The fascinating property of reality is that when we partition it into particles and waves, and try to narrow in on the exact position of a particle, then the particle vanishes into a wave, whereas when we try to narrow in on the exact meaning of a “wave”, waves instead vanish into particles. There is obviously a breaking point where particles turn into waves as they get smaller, and waves turn into particles as they get smaller.
So, what does this say about reality? Well, fundamentally that reality is cheating us. So, how shall we handle this cheat? Well, we just have two options: to assume either that a particle and a wave is BOTH a particle and a wave, or that a particle is NEITHER a particle NOR a wave. Of these, the former seems to be the least crazy option, since nothing can be nothing, but the latter is actually the only consistent option. So, holding on to consistency, we have to assume the apparently most crazy option, that is, that a particle is not a wave and that a wave is not a particle, which, expressed in this way, surprisingly appears sensible. A particle is of course not a wave, and a wave is of course not a particle. Holding on to to consistency thus leads us from our action, ie, partitioning reality into particles and waves, into the conclusion that reality consists of particles and waves. Reality does thus lurk between our partitioning and our conclusion.
If there had been a single truth, then time would not have been relative to speed in space.
Now that time is relative to speed in space, we have to accept that there isn’t a single truth.
It means that there is neither “a true tree of life” nor “a Higgs particle”.
The problem with reality is that it just have a front side and a back side, and nothing in between.
If we want to divide all things of a particular kind, like “particles”, “species” or “butterflies”, into several subkinds, then there are two different (actually orthogonal) methods to achieve this goal. One is to partition the whole group into subkinds, then partition each of these kinds into subkinds, then partition each of these kinds into subkinds, and so on. The other is to join similar things of the kind into kinds, join these kinds into superkinds, join these classes into superkinds, and so on. The former thus starts with the kind itself and ends with all possible subkinds, whereas the latter starts with all things of the kind and ends with the kind itself.
Now, the fact that the former method doesn’t end with the things of the kind themselves, but with all possible subkinds of the kind, means that the two methods can’t reach the same division, since the number of partitions in them differ by one. The two methods are simply incompatible, actually orthogonally contradictory.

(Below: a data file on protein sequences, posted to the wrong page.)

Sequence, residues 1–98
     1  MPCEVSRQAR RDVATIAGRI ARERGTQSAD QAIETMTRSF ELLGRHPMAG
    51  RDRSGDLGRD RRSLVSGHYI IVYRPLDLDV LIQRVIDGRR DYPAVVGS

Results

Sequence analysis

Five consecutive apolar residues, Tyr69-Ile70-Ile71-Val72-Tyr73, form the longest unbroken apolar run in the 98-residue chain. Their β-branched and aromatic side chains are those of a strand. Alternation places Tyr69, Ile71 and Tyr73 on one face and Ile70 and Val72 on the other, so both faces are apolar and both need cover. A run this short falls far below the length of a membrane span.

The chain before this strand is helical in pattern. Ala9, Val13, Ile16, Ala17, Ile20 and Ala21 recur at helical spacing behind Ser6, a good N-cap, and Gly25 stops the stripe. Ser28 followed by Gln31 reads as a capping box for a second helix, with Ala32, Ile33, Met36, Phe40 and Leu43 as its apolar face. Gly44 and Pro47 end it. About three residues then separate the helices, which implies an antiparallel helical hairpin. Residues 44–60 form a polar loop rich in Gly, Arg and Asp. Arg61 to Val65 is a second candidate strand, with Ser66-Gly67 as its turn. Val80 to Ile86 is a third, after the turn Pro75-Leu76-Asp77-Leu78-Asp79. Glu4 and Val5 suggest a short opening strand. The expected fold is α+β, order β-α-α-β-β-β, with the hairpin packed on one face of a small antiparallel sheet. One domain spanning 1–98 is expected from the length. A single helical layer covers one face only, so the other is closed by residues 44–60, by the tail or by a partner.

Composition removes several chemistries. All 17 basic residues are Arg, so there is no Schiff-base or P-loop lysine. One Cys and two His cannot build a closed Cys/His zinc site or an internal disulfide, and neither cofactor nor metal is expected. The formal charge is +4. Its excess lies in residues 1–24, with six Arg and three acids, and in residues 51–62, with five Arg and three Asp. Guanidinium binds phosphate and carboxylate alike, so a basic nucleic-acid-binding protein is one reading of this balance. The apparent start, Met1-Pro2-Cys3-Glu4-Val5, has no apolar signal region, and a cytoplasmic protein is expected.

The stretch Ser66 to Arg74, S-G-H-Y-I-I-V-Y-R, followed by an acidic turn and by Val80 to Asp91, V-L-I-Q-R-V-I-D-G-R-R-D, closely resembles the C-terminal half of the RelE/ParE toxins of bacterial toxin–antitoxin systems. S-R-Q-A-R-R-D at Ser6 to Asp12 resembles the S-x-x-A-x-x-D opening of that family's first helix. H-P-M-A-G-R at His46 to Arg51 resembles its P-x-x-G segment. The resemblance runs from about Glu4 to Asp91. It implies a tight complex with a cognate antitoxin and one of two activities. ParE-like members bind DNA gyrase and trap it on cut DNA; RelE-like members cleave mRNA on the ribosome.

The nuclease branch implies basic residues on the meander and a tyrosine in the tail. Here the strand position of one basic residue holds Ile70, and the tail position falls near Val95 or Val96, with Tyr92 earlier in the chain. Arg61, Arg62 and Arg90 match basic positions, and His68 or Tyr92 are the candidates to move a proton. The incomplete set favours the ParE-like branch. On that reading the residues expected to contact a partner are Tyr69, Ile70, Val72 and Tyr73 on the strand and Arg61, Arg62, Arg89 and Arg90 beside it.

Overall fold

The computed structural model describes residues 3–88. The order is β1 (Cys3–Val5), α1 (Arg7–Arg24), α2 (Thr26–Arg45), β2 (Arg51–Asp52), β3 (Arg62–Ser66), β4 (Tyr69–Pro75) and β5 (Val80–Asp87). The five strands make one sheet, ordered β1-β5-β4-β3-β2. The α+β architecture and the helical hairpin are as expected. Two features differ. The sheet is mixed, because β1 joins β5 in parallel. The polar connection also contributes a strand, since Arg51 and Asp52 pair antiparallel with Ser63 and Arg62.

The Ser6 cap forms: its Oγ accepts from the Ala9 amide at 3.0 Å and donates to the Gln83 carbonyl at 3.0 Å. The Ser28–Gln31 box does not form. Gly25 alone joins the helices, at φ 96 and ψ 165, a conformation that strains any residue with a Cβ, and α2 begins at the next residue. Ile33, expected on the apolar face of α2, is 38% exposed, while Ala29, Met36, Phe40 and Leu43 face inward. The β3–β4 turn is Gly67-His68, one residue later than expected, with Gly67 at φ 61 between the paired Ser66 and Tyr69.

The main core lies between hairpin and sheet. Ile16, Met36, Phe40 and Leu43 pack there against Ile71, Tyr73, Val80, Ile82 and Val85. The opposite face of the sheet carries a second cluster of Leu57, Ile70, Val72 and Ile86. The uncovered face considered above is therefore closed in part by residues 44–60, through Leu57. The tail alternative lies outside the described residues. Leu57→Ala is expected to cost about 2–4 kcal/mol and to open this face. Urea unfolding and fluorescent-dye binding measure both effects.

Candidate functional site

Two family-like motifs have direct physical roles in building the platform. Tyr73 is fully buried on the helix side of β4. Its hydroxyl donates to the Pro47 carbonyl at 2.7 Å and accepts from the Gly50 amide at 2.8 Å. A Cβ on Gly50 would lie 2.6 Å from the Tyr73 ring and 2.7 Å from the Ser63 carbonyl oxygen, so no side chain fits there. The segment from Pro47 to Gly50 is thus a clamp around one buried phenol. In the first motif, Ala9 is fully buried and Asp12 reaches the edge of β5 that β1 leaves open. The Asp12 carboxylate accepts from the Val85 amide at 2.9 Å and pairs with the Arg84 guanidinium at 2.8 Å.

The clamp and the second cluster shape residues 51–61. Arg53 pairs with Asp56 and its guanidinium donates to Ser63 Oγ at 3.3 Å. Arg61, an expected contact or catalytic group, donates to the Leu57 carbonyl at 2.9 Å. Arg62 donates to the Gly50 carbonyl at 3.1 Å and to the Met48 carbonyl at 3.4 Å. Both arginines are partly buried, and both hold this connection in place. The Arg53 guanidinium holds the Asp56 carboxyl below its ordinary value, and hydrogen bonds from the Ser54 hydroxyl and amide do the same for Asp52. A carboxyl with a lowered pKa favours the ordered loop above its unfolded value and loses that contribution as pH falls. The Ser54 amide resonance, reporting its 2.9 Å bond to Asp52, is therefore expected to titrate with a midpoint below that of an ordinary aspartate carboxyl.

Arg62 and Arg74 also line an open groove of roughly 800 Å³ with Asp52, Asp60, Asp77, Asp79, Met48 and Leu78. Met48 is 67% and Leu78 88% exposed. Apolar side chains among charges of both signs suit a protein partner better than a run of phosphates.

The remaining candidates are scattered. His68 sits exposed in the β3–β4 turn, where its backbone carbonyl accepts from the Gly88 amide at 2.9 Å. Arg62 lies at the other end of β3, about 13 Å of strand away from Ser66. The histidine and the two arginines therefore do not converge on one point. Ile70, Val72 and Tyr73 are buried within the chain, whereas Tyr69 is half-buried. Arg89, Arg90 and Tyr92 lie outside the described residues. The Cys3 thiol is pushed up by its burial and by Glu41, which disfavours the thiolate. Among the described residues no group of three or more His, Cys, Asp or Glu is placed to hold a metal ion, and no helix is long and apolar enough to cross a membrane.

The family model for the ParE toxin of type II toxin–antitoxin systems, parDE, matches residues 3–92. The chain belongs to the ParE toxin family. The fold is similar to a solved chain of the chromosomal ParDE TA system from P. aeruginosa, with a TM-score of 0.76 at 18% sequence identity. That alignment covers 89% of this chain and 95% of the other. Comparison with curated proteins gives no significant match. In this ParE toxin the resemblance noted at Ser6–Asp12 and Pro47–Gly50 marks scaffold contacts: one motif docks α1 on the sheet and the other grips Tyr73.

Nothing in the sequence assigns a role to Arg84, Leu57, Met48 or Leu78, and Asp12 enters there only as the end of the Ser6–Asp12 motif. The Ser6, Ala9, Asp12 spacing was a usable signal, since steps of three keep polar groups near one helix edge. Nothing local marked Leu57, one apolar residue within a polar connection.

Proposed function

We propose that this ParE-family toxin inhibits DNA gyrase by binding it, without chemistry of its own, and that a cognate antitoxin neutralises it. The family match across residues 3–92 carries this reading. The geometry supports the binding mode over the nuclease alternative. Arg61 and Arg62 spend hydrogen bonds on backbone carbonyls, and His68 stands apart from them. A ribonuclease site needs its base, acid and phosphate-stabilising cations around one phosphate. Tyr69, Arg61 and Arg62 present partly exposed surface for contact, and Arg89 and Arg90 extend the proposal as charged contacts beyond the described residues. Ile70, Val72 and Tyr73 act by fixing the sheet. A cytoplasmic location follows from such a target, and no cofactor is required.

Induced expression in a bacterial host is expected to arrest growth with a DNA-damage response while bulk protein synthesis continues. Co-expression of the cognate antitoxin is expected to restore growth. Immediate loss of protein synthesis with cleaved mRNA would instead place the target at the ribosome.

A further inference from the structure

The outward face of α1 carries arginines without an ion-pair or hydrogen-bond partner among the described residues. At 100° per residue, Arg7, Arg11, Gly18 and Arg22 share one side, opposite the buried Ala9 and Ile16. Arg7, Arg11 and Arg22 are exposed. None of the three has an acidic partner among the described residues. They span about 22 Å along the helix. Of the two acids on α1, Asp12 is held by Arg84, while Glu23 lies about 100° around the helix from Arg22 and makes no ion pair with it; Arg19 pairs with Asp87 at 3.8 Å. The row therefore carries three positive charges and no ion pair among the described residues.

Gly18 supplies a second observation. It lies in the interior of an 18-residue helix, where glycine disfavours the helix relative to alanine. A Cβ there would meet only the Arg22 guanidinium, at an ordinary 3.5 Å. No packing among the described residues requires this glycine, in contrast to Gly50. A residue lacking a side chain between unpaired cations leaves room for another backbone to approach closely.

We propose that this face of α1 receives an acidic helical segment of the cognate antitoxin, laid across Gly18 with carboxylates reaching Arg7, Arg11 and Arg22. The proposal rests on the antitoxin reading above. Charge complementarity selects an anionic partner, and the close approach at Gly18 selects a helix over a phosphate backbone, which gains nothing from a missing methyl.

This fact did Carl von Linné understand, either consciously or unconsciously, and found out that the only way to to join these orthogonal methods consistently is to first partition the kind into two nested sets of kinds, one generic and one specific, whereafter the generic sets can be consistently joined into superkinds. Linné did thus find a solution of the inherent inconsistency of classification.
What this problem and solution tells us is that no question has an unambiguous answer, because in order to find the answer we have to classify, and classification is inherently either inconsistent or ambiguous.
The notion of a “Higgs particle” in the context of “particles” can be likened to a notion of an “Envall principle” in the context of “principles”.
The idea is that the eternal division of particles can be handled rationally by assuming that there is a kind of particle that temporarily emerges from a field (ie, the “Higgs particle”). In this setting, particles are fundamentally a process wherein “Higgs particles” continuously arise from a field. Exactly what a “Higgs particle” is, ie, a “field” or a “particle”, is uncertain.
This idea can be likened to that the eternal division of principles could be handled rationally by assuming that there is a kind of principle that temporarily emerges from a field. In this setting, principles are fundamentally a process wherein “Envall principles” continuously arise from a field. Exactly what an “Envall principle” is, ie, a “field” or a “principle”, is uncertain. However, sure is that if it is a “field”, then it’s not a principle, and if it’s a principle, then it’s not a field.
Nothing can be both something and nothing at the same time, even if it would solve our problem to understand the world, because if it could, then time would not be empirically relative to speed in space.
Everything has two orthogonal aspects, including reality.
If both of these aspects are correct, then there can’t be anything between them, because if there is, then reality is contradictory.
There thus isn’t anything between the two orthogonal aspects on reality. Reality is nothing but an illusion. (But, we can understand how this illusion behaves.) Continue reading
The problem with principles is that every principle is composed of several objectives, whereof some sooner or later (ie, ultimately) will arrive to a contradiction between them (called contradiction of objectives). It means that principles actually are sloping plans towards a swap between principles. No principle can survive the destiny of being substituted by another principle.
Now, if the number of principles is finite, which it must be if the claim above is correct (ie, that all of them arrive to some contradiction between its objectives), then the route of embracing principles is actually an eternal merry-go-round between all principles. This merry-go-round may moreover be regulated by a natural law, ie, governing the change of society. It may thus have the power of both explaining history and predicting future for the human society.
Until this route of embracing principles is clarified, I can just cite Groucho Marx in that “Those are my principles, but if you don’t like them…well, I have others”.